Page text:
Stakeholder Proposal Development — Incumbents' Views on the 2500–2690 MHz Band Plan for Broadband Radio Service ( BRS)
- 1.0 Introduction
- 2.0 Background
- 3.0 Incumbents' Views
- 4.0 Conclusion
- Annex 1: Excerpt from DGRB-005-09 - Consultation on Transition to
Broadband Radio Service (BRS) in the Band 2500-2690 MHz
- Annex 2: Incumbents in Attendance at the Stakeholder Proposal Development (SPD) Discussions
The objective of the Stakeholder Proposal Development (SPD) discussions was to develop a proposal(s) to accommodate the incumbents' post transition BRS spectrum licences within a new internationally compatible band plan. Industry Canada initiated the SPD process as described in consultation DGRB-005-09 — Consultation on Transition to Broadband Radio Service (BRS) in the Band 2500-2690 MHz. See Annex 1 for details.
The discussions used DGTP-002-06 — Policy Provisions for the Band 2500-2690 MHz to Facilitate Future Mobile Service (the 2006 Policy) as a baseline and took into consideration the views of the various stakeholders, as well as the international band plan model. The meetings were informal and neither the Department nor any stakeholder is bound by any positions or suggestions from the discussions. These SPD discussion results will be used as input to the development of a subsequent consultation paper.
Specific topics discussed include:
(1) Frequency Band Assignments
- (a) amount and position of paired versus unpaired spectrum
- (b) distribution of spectrum for each incumbent
(2) Technical Details
- (a) position and size of guard bands between paired/unpaired spectrum
- (b) use of frequency division duplex (FDD) and/or time division duplex (TDD) technologies
- (c) maximum in-band and out-of-band power limitations
(3) Network Migration Process to the New Band Plan and Timing Issues
The scope of the SPD discussions did not include issues covered under consultation DGRB-005-09.
In Canada, MCS/MDS incumbents currently hold unpaired spectrum. As stated in the 2006 Policy, Industry Canada intends to transition from the current band plan shown in Figure 1 to the basic model of the international band plan shown in Figure 2.
3.0 Incumbents' Views
This section summarizes the views expressed by incumbents during the SPD meetings.
3.1 2500-2690 MHz Band Plan for BRS
In general, there is strong support among incumbents to implement a single national band plan based on the C1 frequency arrangement in Recommendation ITU-R M.1036-3 (ITU-R band plan). In their view, this plan would present several of advantages, including:
- - the band plan would be globally harmonized, which would allow additional flexibility in terms of equipment availability;
- - the band plan would be more spectrally efficient; and
- - the band plan would accommodate both FDD and TDD operations.
All participating incumbents recommend the adoption of the ITU-R band plan as the new Canadian band plan for the 2500-2690 MHz spectrum for BRS, as shown in the Figure 3 above.
Furthermore, some incumbents operating in remote and/or rural areas noted that they wish to be able to continue to operate TDD systems in the FDD portion of the new band plan, on an interim basis.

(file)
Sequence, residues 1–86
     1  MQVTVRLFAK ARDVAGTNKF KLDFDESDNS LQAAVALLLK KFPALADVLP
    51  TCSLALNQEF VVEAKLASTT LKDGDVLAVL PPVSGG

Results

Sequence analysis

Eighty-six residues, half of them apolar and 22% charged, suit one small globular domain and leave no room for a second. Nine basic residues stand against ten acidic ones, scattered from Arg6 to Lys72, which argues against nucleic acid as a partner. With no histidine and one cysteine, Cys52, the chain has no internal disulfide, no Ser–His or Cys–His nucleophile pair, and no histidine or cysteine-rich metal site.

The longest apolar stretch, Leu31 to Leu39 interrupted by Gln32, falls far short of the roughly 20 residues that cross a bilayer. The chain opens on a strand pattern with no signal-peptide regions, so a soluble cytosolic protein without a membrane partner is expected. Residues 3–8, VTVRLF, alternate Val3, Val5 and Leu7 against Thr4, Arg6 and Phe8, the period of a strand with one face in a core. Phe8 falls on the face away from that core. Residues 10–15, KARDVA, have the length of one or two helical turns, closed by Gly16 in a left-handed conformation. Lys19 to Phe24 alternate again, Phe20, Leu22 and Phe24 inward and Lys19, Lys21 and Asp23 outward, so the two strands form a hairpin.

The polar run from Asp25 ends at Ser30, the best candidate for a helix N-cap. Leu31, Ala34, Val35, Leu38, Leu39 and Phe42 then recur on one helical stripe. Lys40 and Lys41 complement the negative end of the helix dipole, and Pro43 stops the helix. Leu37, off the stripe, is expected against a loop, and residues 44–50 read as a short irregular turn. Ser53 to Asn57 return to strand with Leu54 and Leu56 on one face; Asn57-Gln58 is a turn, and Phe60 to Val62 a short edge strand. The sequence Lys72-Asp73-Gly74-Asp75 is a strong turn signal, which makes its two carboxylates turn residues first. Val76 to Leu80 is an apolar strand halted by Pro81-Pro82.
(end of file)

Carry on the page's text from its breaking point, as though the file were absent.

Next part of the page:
3.2 Technical Issues
Discussions regarding the emissions masks, power limits and other technical parameters resulted in the following common views of the incumbents on technical rules:
- (a) The technical rules (emission masks, power limits, etc.) should be developed in a way to enable the deployment of TDD and FDD systems adjacent to the 5 MHz guard bands (2570-2575 MHz and 2615-2620 MHz) without additional constraints. Canada must, to the maximum extent possible, adopt internationally harmonized technical standards, such as those proposed by the ITU and CEPT.
- (b) TDD should not be used in the FDD portion of the band (except as noted for remote and rural areas on an interim basis).
- (c) The edges of the frequency blocks for licensing should be multiples of 5 MHz.
One of the participating incumbents, Inukshuk, also expressed the following views on technical issues:
- the technical issues associated with the frequency reuse patterns, such as N=1, N=3, must be taken into account;
- the licensed blocks must take into account the need to support RF channel sizes, such as 10 MHz and 20 MHz of contiguous spectrum blocks, to maximize the efficient use of spectrum.
3.3 Spectrum for Each Incumbent in the New BRS Band Plan
The incumbents noted that:
- co-locating FDD and TDD systems will result in operational challenges and inefficient use of spectrum;
- dividing the middle TDD block between two or more licensees will result in spectral inefficiency due to one or more additional guard bands being required; otherwise, the TDD systems would need to operate in a TDD synchronized mode.
Multiple views regarding the spectrum for each incumbent in the new band plan were expressed, as detailed in this section.
3.3.1 British Columbia
3.3.2 Alberta, Yukon and Northwest Territories, Nunavut and Atlantic Provinces
Prairie Spirit School Division noted that the above proposal for Manitoba, whereby 15/15 MHz of paired FDD spectrum would be made available to school divisions, would not be acceptable. Without conducting an engineering analysis of their system, the view of the Prairie Spirit School Division is that it should be allocated 30/30 MHz of paired FDD spectrum in the new band plan.
3.3.5 Ontario and Quebec
3.3.6 Incumbents' Proposals with a National Scope
From the discussion, the incumbents proposed that same configurations at the provincial level could be expanded to have a national scope, as shown below. However, there was no agreement on a single national band plan applicable to all provinces.
3.4 Migration and Transition to a New Band Plan
The incumbents considered a range of issues regarding:
- (a) their rights in a new band plan;
- (b)the financial considerations of the migration process;
- (c)the timing of the migration process; and
- (d) a need for flexibility in the migration process related to equipment availability (for example, LTE).
The views expressed by incumbents:
- (a) the transition time frame will depend on either the licensing of new operators or the establishment of the new band plan;
- (b) the physical transition out of the band cannot take place before equipment is available for the new technologies in the new frequency blocks;
- c(c) the incumbents agree that a finite amount of time is required to transition the physical network facilities to the new band plan. Most of the equipment deployed in the field at this time is frequency agile and can support frequency updates as part of an operational transition;